- Two U.S. passport size photos
- Two copies of the acceptance letter from ITA and BCN Lip
- A copy of an intended flight itinerary (they suggest you don’t book your flight until your visa is approved, but they need to know when you intend to leave for Spain).
- An official bank statement (you need to go into your bank and ask for this, you cannot print an online statement). The statement must show that you have at least $750 for each month you will be studying in Spain, or you can get a notarized and translated letter from your parents or someone who intends to provide for you financially while you are in Spain.
- Criminal records clearance verified by fingerprints and the Apostille of the Hague (both need to be officially translated). In the United States, the Secretary of State of each state and his or her deputies are authorized to affix an Apostille (an International certification comparable to a notarization in domestic law) to documents issued or certified by an officer recognized by the state. You must contact the Apostille of the Hague in your state to complete this process.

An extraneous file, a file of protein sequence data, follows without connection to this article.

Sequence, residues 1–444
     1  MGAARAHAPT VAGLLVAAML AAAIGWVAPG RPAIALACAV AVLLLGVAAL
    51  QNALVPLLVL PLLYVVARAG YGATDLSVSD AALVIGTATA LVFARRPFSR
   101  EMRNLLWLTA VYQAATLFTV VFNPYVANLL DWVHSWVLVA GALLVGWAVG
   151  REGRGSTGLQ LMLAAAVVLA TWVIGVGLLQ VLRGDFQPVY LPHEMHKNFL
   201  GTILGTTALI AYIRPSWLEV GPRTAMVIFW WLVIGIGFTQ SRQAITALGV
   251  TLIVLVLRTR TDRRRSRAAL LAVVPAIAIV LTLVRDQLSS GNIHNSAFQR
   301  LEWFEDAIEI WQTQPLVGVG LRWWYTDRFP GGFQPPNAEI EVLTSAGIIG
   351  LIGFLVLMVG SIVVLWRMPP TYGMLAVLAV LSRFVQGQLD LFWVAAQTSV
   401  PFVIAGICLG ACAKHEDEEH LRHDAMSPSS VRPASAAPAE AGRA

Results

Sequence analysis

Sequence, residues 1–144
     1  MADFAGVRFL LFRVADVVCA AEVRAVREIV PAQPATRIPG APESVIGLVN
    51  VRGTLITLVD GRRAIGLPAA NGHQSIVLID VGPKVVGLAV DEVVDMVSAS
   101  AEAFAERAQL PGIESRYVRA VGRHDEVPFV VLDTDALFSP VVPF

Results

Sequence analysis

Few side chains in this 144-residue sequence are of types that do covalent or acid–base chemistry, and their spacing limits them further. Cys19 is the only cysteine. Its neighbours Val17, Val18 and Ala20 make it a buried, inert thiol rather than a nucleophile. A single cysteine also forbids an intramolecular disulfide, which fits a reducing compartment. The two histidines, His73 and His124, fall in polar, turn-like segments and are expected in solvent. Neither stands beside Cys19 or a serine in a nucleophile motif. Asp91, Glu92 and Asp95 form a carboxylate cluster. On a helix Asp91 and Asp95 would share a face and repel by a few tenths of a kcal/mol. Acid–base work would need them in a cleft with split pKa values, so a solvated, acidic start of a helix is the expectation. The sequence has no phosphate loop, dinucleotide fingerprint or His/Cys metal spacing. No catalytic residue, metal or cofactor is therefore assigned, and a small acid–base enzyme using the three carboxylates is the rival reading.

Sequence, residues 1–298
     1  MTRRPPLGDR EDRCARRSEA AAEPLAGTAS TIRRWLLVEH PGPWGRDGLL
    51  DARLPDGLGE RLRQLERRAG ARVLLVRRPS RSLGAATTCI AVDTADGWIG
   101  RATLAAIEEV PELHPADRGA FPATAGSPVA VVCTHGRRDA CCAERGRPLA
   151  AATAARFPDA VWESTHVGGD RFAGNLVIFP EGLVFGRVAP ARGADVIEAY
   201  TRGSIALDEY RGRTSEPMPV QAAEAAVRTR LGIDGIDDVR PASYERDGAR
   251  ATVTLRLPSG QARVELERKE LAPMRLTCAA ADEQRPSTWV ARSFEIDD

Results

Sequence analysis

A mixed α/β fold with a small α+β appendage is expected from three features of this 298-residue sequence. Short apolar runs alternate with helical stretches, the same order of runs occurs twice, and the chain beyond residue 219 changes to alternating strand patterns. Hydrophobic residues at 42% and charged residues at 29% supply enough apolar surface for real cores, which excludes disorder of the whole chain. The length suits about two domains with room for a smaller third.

- Medical certificate from your doctor (you must print the one on the consulate’s website, go to your doctor for a physical exam and have them sign and stamp it with their official stamp). My doctor signed both the English and Spanish portions because she speaks Spanish, but if your doctor won’t sign the Spanish portion of the certificate, you may have to have it officially translated. You should check with your consulate about this.
- Proof of health and repatriation insurance. I used DKV Seguros for my insurance, but there are others out there that may be less expensive. You must purchase insurance and have proof of it before going to your visa appointment. I would recommend beginning this process right away as it took a while to actually get in touch with an insurance agent. One of the catch 22’s with the insurance is that you have to have an address in Spain in order to purchase the insurance. We had the help of a friend in Spain who we were staying with upon arrival, but I believe you may be able to use the address of the school you enroll in. You can check with them before you apply to the program.